E IGHT hundred troops were flown into Siem Reap on Sunday May 15 to re-inforce a
defensive perimeter around the town, which authorities believe the Khmer Rouge
are trying to capture.
As the Post went to press officials said they
were confident of thwarting any KR offensive well outside Siem Reap and the mood
seemed calm among townsfolk.
The re-inforcements bring government troop
strength around the town to 1,500. According to Siem Reap provincial police
commander Lieutenant-General Chea Sophat they face four Khmer Rouge divisions
totaling 640 troops, including men in the guerrillas' most elite units.
"Their aim is to take Puoc district so they can then occupy the airport,
thence Siem Reap town," said the police commander.
"But it's impossible
because their numbers are too small against the government
Despite the perceived threat from the guerrillas, Lt-Gen Sophat
said the level of fighting had been low in the last few days. In the worst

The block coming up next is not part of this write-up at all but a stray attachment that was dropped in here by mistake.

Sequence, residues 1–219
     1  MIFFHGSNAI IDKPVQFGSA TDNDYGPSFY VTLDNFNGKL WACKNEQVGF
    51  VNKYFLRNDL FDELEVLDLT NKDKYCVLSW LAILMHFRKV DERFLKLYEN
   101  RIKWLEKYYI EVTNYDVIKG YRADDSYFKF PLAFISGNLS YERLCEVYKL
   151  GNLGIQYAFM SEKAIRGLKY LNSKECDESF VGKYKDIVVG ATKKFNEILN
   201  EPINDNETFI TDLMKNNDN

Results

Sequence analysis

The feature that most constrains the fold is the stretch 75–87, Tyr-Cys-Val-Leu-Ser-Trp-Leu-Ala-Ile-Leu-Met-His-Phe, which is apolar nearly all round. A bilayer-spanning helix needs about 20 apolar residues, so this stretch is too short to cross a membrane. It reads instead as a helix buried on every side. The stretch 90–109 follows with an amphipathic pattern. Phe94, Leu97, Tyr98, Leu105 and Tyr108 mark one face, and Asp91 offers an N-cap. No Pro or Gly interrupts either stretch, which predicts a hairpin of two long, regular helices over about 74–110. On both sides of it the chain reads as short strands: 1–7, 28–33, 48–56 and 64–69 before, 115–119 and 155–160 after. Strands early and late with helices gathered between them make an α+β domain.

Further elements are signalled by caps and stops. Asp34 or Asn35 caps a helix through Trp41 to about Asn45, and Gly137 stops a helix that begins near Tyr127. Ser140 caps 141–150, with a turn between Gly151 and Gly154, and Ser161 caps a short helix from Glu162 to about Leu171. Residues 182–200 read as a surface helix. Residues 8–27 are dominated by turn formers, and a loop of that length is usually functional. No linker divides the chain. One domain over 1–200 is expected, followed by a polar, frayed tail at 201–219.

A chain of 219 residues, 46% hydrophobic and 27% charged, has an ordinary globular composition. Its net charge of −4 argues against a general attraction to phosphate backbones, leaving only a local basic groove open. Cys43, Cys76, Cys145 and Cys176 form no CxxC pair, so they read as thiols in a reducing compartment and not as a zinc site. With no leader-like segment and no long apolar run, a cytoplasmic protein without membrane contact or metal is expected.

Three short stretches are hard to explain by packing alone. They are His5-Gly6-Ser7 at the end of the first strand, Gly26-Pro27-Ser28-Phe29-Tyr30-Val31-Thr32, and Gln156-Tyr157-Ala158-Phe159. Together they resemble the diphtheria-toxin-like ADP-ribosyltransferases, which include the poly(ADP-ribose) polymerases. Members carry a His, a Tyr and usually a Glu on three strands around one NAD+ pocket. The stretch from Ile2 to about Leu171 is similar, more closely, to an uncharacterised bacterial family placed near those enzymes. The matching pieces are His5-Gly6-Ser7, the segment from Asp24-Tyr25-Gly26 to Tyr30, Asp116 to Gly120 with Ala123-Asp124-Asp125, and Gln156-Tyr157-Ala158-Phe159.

incident 150 guerrillas and 70 policemen clashed on May 8. Lt-Gen Sophat said
three KR troops, one policeman and a civilian died in the firefight at Chong-
can district in the province.
The UN advised its ex-pat staff in the
ILO, UNDP and Unesco to evacuate the town on May 12 and prior to the arrival of
the troop re-inforcements hotel staff were warned to prepare to defend their
buildings from an imminent attack.
A directive issued by the governor's
chief of cabinet, Uch Van Thol, said that due to "the urgent and necessary
situation of the province", including the "ferocious and wild activities of
Khmer Rouge guerrillas...all chiefs of hotels, departments and offices must be
ready to defend their own establishments...and check and prepare all weapons,
common or private belonging to the establishment and equip employees ready to
Only a handful of tourists were seen wandering around Siem Reap,
gateway to the Angkor temple complex, over the weekend. Alex Thomas, assistant
manager of the Grand Hotel, said the number of guests in his hotel had dropped
considerably after May 12, but added this period was commonly a lean